And it was then, hearing her in person for the first time that I truly understood who she was, and who I could be; that I had the power to change my life, be who I needed and wanted to be, and create a better world for and with the people around me.  Despite the fact I had read I Know Why the Caged Bird Sings at least five times, can recite Phenomenal Woman at the drop of a hat and am always electrified by the weight of the words in Still I Rise, over the years, Maya Angelou has taught me, and indeed, all of us, what it is to face adversity head-on with a machete in one hand and a rose in the other;  how to overcome my (our) fears and come out the other side a better person.  That no matter what trauma and violence and hatred we have witnessed against ourselves or any other human being, we must never be silent; we must rise.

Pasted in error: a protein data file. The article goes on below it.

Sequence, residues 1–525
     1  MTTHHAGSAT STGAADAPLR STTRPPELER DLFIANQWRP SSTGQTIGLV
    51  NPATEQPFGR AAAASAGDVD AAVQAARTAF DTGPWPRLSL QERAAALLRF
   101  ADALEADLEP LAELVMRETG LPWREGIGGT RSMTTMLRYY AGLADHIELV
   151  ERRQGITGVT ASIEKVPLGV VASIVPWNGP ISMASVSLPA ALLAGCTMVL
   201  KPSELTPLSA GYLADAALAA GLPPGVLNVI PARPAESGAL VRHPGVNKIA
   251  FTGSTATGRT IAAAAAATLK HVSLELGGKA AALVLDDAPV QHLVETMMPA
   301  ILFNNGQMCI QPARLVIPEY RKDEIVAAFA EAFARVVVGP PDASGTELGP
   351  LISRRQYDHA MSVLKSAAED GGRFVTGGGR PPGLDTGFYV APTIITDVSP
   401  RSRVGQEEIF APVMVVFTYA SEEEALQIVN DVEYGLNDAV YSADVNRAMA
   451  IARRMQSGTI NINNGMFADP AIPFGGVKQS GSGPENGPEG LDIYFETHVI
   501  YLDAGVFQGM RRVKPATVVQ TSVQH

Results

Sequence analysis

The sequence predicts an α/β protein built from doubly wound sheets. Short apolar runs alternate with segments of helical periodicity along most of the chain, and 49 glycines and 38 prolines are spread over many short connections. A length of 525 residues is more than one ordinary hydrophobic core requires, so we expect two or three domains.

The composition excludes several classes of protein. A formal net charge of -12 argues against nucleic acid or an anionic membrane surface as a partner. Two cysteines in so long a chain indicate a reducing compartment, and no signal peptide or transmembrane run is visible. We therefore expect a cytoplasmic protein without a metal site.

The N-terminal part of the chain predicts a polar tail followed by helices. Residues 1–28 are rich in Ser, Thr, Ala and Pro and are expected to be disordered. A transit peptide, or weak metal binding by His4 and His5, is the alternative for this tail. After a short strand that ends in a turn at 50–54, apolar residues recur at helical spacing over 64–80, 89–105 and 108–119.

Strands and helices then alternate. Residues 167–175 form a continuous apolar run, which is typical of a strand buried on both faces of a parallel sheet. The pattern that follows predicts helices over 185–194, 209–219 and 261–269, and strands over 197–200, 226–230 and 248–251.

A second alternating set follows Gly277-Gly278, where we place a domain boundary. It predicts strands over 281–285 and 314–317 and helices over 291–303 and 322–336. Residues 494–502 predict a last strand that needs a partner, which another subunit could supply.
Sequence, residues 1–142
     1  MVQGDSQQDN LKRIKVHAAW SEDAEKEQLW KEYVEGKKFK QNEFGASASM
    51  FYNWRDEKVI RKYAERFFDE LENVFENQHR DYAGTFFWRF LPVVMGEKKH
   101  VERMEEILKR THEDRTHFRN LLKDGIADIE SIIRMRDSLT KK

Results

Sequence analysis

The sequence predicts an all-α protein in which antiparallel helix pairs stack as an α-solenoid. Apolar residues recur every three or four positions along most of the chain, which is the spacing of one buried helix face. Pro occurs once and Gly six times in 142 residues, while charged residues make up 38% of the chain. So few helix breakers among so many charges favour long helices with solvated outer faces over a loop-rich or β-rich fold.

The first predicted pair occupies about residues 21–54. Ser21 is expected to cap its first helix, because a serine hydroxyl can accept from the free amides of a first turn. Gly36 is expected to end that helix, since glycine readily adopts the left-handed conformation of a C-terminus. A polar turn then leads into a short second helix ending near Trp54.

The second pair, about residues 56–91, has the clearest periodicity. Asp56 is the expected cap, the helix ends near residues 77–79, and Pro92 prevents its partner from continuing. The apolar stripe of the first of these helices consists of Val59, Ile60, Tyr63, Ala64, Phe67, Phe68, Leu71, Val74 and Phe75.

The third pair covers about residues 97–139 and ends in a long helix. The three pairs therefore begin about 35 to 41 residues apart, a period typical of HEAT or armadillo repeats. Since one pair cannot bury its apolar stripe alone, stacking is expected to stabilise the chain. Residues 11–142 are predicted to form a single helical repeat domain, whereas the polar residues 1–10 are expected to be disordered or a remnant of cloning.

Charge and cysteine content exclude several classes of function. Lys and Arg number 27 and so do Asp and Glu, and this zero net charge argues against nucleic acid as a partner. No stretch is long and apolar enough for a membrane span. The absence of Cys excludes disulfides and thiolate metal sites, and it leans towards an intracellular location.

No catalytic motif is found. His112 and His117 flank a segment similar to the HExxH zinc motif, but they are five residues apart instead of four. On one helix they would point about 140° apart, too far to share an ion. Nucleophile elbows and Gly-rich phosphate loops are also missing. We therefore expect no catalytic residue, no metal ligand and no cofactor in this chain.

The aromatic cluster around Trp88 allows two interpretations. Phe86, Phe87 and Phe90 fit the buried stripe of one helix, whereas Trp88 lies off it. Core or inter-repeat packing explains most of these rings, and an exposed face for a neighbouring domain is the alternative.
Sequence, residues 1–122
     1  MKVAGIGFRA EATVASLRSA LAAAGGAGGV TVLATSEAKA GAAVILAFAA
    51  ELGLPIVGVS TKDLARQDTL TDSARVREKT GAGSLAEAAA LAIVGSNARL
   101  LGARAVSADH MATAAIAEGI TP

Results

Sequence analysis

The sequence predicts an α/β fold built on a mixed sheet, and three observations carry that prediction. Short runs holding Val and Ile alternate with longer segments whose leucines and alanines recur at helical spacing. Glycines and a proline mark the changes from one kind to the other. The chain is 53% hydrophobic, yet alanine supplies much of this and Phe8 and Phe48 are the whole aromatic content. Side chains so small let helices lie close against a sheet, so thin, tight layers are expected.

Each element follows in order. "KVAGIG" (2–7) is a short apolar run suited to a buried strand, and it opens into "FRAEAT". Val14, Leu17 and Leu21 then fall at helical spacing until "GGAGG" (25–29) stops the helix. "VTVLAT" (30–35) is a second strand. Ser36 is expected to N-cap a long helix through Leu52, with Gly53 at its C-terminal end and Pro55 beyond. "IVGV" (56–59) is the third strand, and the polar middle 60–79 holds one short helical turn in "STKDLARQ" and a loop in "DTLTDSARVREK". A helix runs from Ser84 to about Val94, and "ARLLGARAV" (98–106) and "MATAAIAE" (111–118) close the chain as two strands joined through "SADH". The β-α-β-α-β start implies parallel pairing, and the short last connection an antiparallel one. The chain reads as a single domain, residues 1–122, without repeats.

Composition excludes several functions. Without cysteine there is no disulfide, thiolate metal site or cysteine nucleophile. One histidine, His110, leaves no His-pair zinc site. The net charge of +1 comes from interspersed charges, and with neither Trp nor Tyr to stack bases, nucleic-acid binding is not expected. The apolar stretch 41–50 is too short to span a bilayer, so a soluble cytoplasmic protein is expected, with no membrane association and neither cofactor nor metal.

We are losing our giants, and who will be honorable enough to rise and stand in their place? Today, on this great day of sorrow, we take a moment of silence to honor and salute you Maya Angelou.  Your legacy will inspire generations to come; you changed our lives in ways that simple words cannot express, and we are forever in your debt.

“The true definition of a  Warrior Queen. A very sad loss for all of Humanity.” -Anna Harwich

Yes, Anna, we couldn’t have said it better ourselves.

Love

BCM

 

 

 

Phenomenal Woman

Pretty women wonder where my secret lies.
I’m not cute or built to suit a fashion model’s size
But when I start to tell them,
They think I’m telling lies.
I say,
It’s in the reach of my arms
The span of my hips,
The stride of my step,